starring: Gemma Arterton, Johnny Lee Miller
genre: Thriller, Crime
plot: When a young girl decides she's had enough of the life she's been living on the run with her prostitute mother, she finds herself admitting to her new boyfriend that she is in fact a 200 year old vampire, who's been running with her vampire mother from a group known as the Brotherhood.
Based on the stage play The Vampire's Story
This started off as a brilliant movie. You've got two lonely women who are on the run from some horrible group of bad guys, the mother self absorbed Clara, with getting them a decent "trick" and the daughter Eleanor gloomily fed up. Then we start getting into their back story, as they end up right where they had started 200 years before, in this sleepy little coastal town. The mother pretends that she has no idea where they are, and that they have never been there before, while the daughter has a photographic memory, and details their lives before becoming vampires.
The idea here, is the mother was barely a teenager when she was first spotted by a military captain, who rapes her leaving her in a whorehouse saying he's given her- her future employment as a prostitute. She ends up pregnant as a teenager and hands her baby over to a convent. Few years later, dieing of consumption, Clara becomes a vampire. Secretly watching over her daughter, she's sent into a rage when she learns that the same man who raped her, has done the same to Eleanor, she kills him then turns her own daughter into a vampire as well. This puts them on the radar of the Brotherhood, a sect of all male vampires who's number one rule is that any female vampires may not sire another.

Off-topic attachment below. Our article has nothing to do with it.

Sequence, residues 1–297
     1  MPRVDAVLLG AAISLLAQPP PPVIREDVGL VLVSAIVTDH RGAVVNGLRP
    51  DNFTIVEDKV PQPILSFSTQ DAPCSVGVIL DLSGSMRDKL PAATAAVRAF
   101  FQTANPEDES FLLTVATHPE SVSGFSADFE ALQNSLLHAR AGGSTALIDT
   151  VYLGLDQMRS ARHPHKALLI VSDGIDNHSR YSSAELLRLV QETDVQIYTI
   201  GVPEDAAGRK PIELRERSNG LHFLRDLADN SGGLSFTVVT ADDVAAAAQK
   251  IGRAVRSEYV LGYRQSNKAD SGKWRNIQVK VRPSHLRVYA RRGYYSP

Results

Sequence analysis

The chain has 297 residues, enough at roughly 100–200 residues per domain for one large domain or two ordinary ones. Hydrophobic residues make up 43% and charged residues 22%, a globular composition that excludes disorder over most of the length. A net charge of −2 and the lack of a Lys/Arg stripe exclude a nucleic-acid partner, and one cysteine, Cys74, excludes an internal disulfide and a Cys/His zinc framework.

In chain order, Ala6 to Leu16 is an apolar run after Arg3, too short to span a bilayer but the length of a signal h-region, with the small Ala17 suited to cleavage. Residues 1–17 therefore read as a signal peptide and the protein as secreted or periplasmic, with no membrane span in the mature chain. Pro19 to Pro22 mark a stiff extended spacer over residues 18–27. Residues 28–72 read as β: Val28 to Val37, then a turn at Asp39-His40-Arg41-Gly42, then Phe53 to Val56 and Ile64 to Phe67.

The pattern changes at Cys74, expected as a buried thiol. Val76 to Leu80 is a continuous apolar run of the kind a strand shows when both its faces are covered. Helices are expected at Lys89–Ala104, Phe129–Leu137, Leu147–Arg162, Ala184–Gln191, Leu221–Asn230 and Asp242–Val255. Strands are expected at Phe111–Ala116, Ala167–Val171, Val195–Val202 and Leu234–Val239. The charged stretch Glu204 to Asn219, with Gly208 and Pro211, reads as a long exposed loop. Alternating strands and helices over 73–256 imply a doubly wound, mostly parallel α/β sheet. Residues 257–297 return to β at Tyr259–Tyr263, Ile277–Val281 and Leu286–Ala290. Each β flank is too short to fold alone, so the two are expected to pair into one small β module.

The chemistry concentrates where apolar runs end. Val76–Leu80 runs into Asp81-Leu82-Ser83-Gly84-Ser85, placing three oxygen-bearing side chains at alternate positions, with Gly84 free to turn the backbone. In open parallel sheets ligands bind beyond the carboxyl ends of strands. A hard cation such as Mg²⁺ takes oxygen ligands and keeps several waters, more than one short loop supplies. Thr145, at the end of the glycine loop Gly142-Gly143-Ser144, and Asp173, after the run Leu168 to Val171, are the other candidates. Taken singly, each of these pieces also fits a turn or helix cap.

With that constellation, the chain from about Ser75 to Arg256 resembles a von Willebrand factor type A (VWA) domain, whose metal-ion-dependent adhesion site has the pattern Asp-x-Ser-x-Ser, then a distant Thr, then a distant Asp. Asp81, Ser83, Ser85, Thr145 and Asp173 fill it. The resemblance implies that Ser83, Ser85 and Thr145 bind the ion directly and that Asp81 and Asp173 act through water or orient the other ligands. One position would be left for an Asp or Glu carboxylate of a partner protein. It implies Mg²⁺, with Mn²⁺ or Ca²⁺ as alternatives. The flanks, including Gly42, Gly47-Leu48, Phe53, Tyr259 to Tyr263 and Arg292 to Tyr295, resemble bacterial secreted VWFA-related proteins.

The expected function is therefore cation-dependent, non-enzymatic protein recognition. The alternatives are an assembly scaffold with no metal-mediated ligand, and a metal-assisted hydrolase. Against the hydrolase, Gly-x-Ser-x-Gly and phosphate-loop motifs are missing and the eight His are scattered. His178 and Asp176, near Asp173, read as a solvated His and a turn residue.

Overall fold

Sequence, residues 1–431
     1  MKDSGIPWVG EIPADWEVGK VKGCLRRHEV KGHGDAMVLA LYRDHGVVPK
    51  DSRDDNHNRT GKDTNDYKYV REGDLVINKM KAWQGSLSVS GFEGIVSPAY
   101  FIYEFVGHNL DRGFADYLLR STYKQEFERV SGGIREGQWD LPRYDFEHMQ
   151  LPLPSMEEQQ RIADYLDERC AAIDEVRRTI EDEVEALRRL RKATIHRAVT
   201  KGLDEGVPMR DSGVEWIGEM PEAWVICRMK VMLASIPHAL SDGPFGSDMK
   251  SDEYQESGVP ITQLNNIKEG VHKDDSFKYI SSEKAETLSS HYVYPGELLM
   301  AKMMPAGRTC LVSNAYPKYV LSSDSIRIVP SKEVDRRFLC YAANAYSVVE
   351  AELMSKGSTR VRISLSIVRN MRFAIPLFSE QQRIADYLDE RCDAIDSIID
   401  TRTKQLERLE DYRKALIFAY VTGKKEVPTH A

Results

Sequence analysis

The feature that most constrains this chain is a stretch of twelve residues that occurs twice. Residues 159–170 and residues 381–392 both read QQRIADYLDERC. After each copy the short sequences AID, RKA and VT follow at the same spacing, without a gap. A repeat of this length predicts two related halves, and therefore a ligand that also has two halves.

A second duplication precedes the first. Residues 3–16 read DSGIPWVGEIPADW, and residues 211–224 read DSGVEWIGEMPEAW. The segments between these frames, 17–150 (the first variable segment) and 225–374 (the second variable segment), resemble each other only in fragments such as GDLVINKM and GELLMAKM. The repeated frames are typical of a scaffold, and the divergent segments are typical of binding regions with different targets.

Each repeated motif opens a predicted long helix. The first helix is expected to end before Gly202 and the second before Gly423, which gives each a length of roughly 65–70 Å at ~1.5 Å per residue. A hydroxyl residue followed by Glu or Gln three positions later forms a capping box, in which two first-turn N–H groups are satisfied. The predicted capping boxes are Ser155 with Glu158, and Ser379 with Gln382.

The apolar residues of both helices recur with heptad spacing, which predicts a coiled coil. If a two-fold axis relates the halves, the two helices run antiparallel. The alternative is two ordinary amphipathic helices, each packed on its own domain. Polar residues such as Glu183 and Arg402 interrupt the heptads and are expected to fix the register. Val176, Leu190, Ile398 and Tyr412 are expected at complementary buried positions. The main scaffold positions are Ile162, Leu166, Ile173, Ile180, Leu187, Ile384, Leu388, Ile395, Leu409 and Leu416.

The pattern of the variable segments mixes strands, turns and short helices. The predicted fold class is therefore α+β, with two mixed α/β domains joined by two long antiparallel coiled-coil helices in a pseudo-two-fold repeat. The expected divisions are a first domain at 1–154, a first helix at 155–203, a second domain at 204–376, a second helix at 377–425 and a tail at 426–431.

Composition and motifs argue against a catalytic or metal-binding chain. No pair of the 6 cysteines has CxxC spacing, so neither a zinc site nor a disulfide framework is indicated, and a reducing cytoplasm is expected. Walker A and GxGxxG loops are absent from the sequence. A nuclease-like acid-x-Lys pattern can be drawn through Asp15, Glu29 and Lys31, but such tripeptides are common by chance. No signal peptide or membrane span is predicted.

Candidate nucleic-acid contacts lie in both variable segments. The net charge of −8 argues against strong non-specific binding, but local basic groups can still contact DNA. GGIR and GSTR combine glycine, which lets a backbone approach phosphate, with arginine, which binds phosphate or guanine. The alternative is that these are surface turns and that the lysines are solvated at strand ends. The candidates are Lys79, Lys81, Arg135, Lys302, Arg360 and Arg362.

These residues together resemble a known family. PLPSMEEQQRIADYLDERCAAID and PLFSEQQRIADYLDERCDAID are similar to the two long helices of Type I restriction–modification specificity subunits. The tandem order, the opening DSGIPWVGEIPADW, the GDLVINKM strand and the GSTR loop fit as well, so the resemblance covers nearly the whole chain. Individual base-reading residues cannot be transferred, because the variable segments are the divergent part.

It's never officially stated, but you do get the impression that the captain is the girl's father; as the narration at one spot says "of all the harlots he created she was his favourite" referring to the mother and through a few scenes, we learn that they had a mildly respectful relationship that lasted over a few years.
I found the ending to be a bit of a let down, as they end up picking different lives for themselves. This was done by the same director who did Interview with the Vampire, and there are moments when you can't help but think of the direct story between Lestat and Louis. Not too mention, with the captain Ruthven, and his best friend Darvell, has all the markings of the main characters from Dr. John Polidori's Vampyre. (Ruthven is the main vampire in Polidori's legendary story)
what did I learn? This is a metaphor for what women have had to live through for the last few hundred years in order to gain their independence.
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